Reliving a well-known scene in John 8:1-11.
The ancient steps I stood on were cracked with veins of age, each splintered line a reflection of times and events in history I prayed would never be forgotten. This holy place overlooked the foothills surrounding the historic City of David and Jerusalem beyond. The view presented an oxymoronic blend of ancient alabaster structures, built centuries before Christ, and modern buildings standing straight and tall along the horizon. It was a testament, I thought, to the harmony between old and new and of how much the world had changed — yet in many ways, remained the same.
Wind swept across the great temple, kicking up chalk-colored dust. I pulled my jacket around my neck in defense of the wind’s bite and closed my eyes, taking myself back in time. After a few moments, the modern sounds around me became muffled voices that eventually faded into silence. I imagined how it might have been over two thousand years ago, on these same steps on the Mount of Olives where Jesus taught.
The images began to form, and I smiled as I saw the people gathered around Him. I could see their looks of joy and wonder at the message He carried and of the miracles He had performed. And then I felt myself there among them.
He was clad in an ash-colored robe with a simple gold sash tied at His waist, and a brown woven shawl hung over His broad, sturdy shoulders. His shoulder-length hair was the color of cinnamon. As He turned His face to speak to the people crowded around Him, the fading sunlight glistened on His long mane like shiny strands of gold.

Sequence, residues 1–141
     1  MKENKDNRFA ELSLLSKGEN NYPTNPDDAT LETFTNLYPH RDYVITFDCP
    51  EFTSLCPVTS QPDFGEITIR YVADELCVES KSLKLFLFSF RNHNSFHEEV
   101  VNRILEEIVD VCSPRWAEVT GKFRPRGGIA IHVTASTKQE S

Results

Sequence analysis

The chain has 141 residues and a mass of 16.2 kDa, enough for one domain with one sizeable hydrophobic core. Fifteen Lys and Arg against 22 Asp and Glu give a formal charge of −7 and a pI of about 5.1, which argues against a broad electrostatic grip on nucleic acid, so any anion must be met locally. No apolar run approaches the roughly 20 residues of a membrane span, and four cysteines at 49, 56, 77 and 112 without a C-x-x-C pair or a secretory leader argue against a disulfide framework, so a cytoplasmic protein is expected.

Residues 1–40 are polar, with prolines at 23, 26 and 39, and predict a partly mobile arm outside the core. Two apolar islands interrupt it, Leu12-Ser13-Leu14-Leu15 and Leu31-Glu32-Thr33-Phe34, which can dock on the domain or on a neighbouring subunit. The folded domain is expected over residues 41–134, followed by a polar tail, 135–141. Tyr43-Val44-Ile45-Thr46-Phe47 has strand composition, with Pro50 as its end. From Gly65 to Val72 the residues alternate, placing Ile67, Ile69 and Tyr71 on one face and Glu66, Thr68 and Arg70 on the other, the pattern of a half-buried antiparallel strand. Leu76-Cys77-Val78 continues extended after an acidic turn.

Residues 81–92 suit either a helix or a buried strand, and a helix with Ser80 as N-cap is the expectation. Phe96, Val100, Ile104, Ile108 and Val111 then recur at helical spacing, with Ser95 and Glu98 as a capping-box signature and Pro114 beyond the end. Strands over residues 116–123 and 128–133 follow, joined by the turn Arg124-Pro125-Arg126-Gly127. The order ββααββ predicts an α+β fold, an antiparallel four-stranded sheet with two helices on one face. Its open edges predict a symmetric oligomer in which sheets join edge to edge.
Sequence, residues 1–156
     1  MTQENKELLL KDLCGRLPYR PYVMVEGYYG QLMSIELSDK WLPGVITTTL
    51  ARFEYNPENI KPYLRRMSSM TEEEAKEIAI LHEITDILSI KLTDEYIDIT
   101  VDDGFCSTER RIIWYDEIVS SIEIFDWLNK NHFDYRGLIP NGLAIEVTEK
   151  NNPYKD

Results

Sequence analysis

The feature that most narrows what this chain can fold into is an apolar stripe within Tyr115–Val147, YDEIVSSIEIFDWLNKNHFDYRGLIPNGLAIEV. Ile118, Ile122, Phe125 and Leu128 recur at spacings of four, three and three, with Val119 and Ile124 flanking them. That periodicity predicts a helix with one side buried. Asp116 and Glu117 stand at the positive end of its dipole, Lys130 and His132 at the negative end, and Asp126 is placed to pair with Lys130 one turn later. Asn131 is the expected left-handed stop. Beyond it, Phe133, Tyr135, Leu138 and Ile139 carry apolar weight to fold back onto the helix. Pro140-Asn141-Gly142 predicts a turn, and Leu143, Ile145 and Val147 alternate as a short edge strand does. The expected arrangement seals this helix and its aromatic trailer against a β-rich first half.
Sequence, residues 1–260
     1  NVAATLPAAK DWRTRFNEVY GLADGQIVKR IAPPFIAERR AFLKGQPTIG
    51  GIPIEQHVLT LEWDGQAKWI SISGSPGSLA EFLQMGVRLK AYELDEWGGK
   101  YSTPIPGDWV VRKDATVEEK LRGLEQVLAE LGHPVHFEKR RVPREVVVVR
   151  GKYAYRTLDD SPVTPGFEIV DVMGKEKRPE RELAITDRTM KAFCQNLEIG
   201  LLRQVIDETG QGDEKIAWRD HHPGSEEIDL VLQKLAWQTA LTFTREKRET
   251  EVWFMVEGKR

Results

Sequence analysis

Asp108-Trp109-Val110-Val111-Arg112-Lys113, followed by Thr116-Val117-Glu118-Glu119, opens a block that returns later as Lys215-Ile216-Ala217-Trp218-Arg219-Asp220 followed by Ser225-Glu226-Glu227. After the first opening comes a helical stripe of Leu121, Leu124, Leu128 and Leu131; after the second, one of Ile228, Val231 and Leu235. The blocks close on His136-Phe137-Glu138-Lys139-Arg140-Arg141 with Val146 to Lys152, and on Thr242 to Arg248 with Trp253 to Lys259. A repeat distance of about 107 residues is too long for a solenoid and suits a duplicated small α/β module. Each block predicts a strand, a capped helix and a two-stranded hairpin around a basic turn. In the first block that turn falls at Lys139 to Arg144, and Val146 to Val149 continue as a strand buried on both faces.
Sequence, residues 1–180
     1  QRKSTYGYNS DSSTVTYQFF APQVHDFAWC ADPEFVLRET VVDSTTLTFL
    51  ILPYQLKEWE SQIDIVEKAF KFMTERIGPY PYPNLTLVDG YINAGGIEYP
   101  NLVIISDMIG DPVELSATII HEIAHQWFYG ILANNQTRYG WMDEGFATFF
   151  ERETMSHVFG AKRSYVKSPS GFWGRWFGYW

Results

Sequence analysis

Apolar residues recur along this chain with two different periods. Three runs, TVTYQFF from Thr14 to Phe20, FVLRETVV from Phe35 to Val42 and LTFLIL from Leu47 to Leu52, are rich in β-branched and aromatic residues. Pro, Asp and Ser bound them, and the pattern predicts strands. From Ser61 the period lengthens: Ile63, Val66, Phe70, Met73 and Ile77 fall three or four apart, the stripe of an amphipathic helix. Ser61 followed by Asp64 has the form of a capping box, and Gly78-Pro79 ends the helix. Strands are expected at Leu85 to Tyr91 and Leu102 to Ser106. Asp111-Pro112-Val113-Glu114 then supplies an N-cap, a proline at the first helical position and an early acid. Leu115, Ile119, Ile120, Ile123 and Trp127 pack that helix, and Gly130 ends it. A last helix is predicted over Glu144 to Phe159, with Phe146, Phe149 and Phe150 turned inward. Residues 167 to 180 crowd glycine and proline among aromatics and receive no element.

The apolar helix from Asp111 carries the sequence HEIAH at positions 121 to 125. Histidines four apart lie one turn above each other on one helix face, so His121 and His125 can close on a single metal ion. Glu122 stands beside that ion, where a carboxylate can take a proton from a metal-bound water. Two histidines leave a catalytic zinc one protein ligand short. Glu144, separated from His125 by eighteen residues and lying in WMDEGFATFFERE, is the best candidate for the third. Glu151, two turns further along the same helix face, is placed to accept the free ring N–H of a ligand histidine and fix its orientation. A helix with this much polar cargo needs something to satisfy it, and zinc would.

There were men, a dozen or more of many ages who stood around Him in a circle. Others sat on the steps near His feet, quietly watching, nodding in silent agreement and peering at Him with amazement. A gentle warmth in His mahogany eyes seemed to speak to me, and I watched Him, mesmerized by His presence.
But then, the sound of frantic voices erupted near the east entrance. I looked down at the boisterous crowd of a dozen or more coming up the steps. Stumbling ahead of them was a tall woman with raven hair, clad in an ivory tunic that was ripped and tattered. Two men shoved her through the entrance of the temple, and many others behind them were shouting and crying out, pumping their fists in the air. I could see a thin line of blood on her cheek as she stumbled forward. Two men, tall and muscular, gripped her frail arms, lifting her up when she fell.
I watched as they dragged the woman, limp and bleeding, up the uneven steps. When they reached the top, they dropped her near His feet. He leaned down and gently stroked her head, as a mother would soothe a frightened child. “Why have you seized this poor woman?” He asked, standing before the angry crowd.
As His words seemed to hang motionless in the crisp air, a wind swept across the temple steps, hurling dust that hovered like a dense fog around the feet of the angry men. Then thunder rumbled ominously as slate-colored clouds moved across the horizon, blocking the fading sunlight.